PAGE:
Just before it fully closed, I managed to get out of ground zero and made my way to the lake, “How about we don’t tell the others about this?”

“Yeah, we tell them you super advanced space suit decided to disintegrate for no reason at all, meanwhile everyone else’s are just fine.” Sean scoffed as he carefully approached and inspected my back, “You’re lucky these things are designed to be field repairable, though our on-site kits may not be enough for this level of damage.”

“I know, I designed them.” I retorted checking the damage readouts and visuals myself, “Though, this will not stand the rigors of ultra-subzero, even to get to Jen's FOB. Sean, you’re going to have to go back and get the heavy kit.”

“And leave you alone to piss off another plant?”

“I’ll be careful, I promise.”

“You sure you're good to wait here? It’s not quite warm enough for health.”

“No choice.” I sighed, “The under suit may be rated to -10, but the Windchill at the door will be far worse. I’ll see if I can make a fire or something outside of the wind.”

“Yeah, I’ll hurry. Don’t die on me, that won’t look good on my report.”

As Sean tiptoed his way back to the exit, I glared at the cavern as if my sheer force of will could change things for the better. It did not. With a dejected sigh, I began to very cautiously search for flammable material to help offset the cold while I stripped down to my under suit to repair my over suit.

It didn’t take long for the oppressive silence to assault my nerves. The silence grew to deafening levels as my pulse and breaths were the only noise punctuated by my scraping steps. After an eternity of deafening hush, I finally had a crackling blaze of a small fire that because of the insane cold felt like a bond fire.

As I relieved myself of my vestments, I did manage to begin to enjoy the moment again, like a knight after a major campaign, I’d imagine. I carefully set aside each piece as I admired the vista, glorious.

Each suit did have a small cache of emergent supplies and tools, but not nearly enough for the catastrophic damage my suit endured, but I could get started.

So, there I was, in my underwear, on the shore of a freezing lake, surrounded by icy boulders, in a frozen hell-hole, on a hostile frigid world, when I heard the sound of something approaching. 

The normally soft sound of boot scrapes on hard stone was like a torrent of noise. My pulse immediate jumped to dangerous levels and my blood pressure spiked, I couldn’t survive another killer plant attack.

My eyes darted to every potential threat location, but whatever it was knew how to hide. It must have known I knew about it and had entered ultra-quiet mode, great. Then, I saw a profile, a bi-pedal beast with pointy cat ears and, a tail?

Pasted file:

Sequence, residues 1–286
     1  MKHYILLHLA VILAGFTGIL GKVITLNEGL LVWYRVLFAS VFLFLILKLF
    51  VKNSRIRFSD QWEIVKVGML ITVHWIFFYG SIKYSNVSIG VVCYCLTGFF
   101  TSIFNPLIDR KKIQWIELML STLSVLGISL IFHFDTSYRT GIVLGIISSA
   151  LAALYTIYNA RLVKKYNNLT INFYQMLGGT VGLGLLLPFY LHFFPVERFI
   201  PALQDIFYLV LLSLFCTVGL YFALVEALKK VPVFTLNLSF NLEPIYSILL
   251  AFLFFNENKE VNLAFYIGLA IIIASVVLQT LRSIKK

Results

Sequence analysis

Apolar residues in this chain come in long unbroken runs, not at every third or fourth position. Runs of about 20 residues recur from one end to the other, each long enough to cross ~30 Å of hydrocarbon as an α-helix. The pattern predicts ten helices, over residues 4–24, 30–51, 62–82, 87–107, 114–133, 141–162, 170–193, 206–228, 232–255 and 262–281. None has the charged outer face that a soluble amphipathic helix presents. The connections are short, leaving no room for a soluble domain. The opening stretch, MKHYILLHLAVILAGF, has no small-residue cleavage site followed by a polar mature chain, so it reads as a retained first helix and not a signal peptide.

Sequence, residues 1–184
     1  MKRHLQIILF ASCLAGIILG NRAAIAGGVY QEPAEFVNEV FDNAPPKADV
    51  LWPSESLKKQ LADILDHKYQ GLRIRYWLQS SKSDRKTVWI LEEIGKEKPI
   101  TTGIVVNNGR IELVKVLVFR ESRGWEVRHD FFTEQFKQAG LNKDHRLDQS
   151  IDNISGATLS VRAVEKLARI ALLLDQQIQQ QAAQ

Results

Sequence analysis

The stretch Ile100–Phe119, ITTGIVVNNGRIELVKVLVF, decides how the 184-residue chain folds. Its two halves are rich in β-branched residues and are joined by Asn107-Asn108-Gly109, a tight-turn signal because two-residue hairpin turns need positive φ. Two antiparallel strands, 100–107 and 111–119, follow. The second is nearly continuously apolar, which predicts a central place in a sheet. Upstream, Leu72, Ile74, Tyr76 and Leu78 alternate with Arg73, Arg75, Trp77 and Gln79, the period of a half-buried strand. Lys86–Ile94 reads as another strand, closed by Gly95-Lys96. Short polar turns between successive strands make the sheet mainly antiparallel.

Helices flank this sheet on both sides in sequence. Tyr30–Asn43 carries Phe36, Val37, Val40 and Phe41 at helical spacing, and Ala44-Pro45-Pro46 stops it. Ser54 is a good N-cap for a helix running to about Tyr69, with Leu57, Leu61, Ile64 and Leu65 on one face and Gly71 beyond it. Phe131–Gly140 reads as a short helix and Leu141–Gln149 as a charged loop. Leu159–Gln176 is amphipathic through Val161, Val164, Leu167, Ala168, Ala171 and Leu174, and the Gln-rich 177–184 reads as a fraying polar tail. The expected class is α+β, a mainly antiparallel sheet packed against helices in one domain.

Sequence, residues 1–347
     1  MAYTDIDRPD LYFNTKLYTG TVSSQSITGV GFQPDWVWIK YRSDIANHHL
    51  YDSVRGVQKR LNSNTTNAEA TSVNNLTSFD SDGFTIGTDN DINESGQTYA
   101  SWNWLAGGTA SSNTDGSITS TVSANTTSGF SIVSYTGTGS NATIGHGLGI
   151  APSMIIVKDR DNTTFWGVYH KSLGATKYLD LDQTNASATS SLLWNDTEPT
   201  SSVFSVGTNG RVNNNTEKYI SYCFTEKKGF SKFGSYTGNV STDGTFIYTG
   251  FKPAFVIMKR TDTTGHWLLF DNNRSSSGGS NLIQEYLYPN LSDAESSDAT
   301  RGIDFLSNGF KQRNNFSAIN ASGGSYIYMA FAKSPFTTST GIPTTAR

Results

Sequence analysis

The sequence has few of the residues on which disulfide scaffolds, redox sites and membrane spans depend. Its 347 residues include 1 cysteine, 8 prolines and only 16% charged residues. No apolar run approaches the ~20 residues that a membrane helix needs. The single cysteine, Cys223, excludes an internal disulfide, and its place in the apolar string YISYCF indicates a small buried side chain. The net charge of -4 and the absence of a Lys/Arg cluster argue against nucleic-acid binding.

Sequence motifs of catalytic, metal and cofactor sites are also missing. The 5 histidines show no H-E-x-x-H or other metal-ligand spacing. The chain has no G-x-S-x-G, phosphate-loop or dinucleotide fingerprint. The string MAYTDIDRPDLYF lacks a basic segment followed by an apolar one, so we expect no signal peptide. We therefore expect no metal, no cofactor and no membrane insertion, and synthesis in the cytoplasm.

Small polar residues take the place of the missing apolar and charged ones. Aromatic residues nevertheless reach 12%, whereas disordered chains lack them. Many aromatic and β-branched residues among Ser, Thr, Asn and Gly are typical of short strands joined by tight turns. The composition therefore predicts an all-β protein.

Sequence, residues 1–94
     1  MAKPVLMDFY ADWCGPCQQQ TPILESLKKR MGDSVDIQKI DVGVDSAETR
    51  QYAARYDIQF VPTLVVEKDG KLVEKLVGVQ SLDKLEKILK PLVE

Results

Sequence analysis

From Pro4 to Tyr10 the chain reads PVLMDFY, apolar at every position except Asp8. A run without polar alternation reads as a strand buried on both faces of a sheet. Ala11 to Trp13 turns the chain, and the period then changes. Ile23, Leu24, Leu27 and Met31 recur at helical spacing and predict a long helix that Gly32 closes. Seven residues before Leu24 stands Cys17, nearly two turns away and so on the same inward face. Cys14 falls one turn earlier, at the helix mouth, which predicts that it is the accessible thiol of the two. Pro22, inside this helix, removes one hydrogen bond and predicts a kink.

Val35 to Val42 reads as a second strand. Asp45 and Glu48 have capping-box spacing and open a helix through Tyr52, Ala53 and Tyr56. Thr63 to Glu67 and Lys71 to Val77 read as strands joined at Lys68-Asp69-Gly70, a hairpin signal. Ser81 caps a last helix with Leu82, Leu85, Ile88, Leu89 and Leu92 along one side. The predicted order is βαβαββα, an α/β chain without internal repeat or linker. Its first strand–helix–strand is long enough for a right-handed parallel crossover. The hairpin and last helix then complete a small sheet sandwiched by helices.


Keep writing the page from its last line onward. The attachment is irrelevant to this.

Yes, this thing wore an enviro suit and had a tail; definitely sentient, and definitely an alien, even for this place.

It was clear we were both hopped up on our equivalent of adrenaline, fear, and judging by the look of its suit, pain. We were not enemies, but we could not be allies, yet. Whomever won this engagement would determine the dynamic, assuming the other survived.

We floated around the edges of the other’s field, each trying to find the opening, while at the same time avoiding hazards we couldn’t anticipate. Staying on the rocky areas meant ice, but it also meant no killer plants, both being new we took the lesser of both evils and stayed on the rocks.

My opponent found an opportunity to advance before I did. He darted behind a boulder, and next thing I knew he was dropping from above, like one of Kali’s shadow tigers. I managed to deflect the blow with an over the head baton block and diverted the energy of the blow into a roll away from the combat cat.

He was on me in seconds, obviously a well-trained leopard. His weapon was like a policeman’s night stick, a thick club the length of his forearm with a short handle set perpendicular. He spun it, swung it, blocked with it, all the while kicking and punching and attacking with his tail, like a cheating cheetah.

I held my own with my special blend of escrima, kendo, and Brazilian jujitsu, but my opponent was pure sinewy muscle, built for speed. He knew he had the advantage and pressed it as hard as he could, I, on the other hand, gave ground and rounded rocks in a rope-a-dope hoping to tire him out, so far, not so good; I was losing more steam than he was.

Eventually, I slipped and fell back against a rock. I struggled through the stars and he moved in for the coup-de-gras. It was then that I noticed distinct chest bulges, that for an upright mammal, only meant one thing, this was a woman.

My gaze shifted from the torso to her eyes and noted that her eyes had no whites; she was from a predator species. Her totally deep purple eyes were filled with the fire of fear and desperation, and perhaps as much confusion as I was feeling.

As the final blow came at my head in slow motion, I only had one thought, “F...!!!”

To be continued…